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Inexperience, Protection Pulled Out, Fall on Rock, Washington, Icicle Creek


Washington, Icicle Creek

On April 29, 1989, I was assigned to lead three students, Tom Del Carlo (30), Bob Dalby, and Ken Wells, up a multipitch route known as “B & D” on the east side of Wadell’s Buttress. The weather was clear, but rain the previous few days had turned the first pitch into a small waterfall. The sound of Icicle Creek made communication at any distance difficult or impossible. I led the first pitch, followed by Dalby. I climbed about one meter to the left of the normal line of ascent on a moderately angled slab that was partially dry. Protection was possible at six meters and ten meters using Friends. (The normal line has vertical cracks that take stoppers.)

Approximately 15 meters from the belay spot, a 1.5 meter step requires one mid-fifth class move. Water was flowing at this spot, though the rock was fairly clean. I inserted a Camalot, setting it three times before attaining good placement. On previous climbs I had used stoppers or hexes, but this time the water discouraged placement. Alternative routes to the left and right were covered with wet moss and lichen. I hesitated a few minutes, as I was unsure how slippery the rock was. I made the move using a hand jam and found the footing acceptable. The remainder of the pitch was fairly dry and unremarkable. Dalby followed me, having only a momentary problem at the step.

Del Carlo led the second team, with Wells belaying, while I belayed Dalby on the pitch above. Yelling down below drew my attention. Wells called that Del Carlo had injured his hand. My thoughts were that he had twisted his hand making the hand jam at the waterfall step.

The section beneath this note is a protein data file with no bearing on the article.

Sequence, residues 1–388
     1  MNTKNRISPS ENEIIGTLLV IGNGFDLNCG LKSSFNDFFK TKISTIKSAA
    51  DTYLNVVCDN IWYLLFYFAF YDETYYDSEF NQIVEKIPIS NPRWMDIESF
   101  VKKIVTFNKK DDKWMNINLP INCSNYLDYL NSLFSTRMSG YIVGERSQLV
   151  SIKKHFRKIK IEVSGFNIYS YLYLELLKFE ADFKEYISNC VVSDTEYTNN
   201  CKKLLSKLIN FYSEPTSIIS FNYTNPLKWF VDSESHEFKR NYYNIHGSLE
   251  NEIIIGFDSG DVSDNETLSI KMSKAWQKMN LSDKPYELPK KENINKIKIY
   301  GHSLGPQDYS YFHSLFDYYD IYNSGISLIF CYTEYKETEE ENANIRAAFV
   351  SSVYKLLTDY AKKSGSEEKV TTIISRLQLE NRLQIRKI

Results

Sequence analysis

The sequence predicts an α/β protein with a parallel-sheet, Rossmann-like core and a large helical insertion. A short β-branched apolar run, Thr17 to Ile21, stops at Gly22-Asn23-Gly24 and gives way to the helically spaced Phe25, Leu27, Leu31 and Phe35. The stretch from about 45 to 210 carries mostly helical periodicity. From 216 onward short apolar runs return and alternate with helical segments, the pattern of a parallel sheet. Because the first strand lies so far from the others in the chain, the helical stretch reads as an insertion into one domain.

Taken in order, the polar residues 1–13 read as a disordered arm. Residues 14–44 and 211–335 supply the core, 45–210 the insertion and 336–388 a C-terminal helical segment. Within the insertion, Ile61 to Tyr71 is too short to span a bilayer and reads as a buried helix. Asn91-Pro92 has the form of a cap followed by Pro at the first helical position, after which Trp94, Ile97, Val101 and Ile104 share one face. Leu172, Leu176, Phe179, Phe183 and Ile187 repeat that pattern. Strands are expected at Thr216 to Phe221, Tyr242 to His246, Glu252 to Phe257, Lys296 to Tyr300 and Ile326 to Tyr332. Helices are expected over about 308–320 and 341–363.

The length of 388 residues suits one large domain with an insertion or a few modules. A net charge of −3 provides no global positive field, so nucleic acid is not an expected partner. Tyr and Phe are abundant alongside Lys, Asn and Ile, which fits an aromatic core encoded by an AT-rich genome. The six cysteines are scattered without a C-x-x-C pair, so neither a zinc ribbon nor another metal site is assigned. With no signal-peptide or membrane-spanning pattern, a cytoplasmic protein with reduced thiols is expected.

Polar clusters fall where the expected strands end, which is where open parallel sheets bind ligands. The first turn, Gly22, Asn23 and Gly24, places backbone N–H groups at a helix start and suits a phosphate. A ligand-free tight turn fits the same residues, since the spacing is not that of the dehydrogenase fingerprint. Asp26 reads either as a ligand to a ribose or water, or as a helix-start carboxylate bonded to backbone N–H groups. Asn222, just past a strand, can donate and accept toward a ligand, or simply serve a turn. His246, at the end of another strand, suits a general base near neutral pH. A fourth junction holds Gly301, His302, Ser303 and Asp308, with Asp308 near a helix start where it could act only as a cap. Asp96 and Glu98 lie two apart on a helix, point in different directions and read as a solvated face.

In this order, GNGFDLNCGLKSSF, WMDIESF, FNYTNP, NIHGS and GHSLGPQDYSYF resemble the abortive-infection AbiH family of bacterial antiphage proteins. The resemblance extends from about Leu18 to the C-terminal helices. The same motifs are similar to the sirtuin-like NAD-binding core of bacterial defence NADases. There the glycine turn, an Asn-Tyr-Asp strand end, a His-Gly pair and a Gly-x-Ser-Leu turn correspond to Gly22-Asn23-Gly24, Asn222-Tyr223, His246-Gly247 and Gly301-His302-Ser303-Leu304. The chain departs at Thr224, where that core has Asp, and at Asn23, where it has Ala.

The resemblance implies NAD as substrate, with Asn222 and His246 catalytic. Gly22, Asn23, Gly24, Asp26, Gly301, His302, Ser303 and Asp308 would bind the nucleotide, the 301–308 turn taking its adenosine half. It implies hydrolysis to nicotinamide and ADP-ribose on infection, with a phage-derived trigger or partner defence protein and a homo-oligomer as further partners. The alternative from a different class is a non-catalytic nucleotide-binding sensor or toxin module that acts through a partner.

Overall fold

Del Carlo had in fact followed the same route, placing protection at the six meter level, then had fallen at the step after putting in a Friend, probably in the same indentation I had used. He later noted he had first used Friends two weeks earlier on another climb. This time the device held for a moment and then popped. Wells reported that Del Carlo tumbled a bit on the top part of the slab as he tried to orient himself and began pulling in the rope hand over hand in an attempt to avoid a ground fall. The rope went taut, three meters above the ground, and Del Carlo flipped upside down and stopped 60 cm above the ground. He sustained scrapes and bruises to his legs, back, and arms and numbness in his left hand. His helmet was well scratched up. To his credit, after a short rest, he completed the climb. (Source: Condensed from a report by Dave Shema)


The water running down the rock had an effect on the placement and footing. Inexperience with the Friend also was a factor. The helmet likely prevented serious injury. A chest harness might have kept Del Carlo from flipping upside down when the rope became tight. (Source: Dave Shema)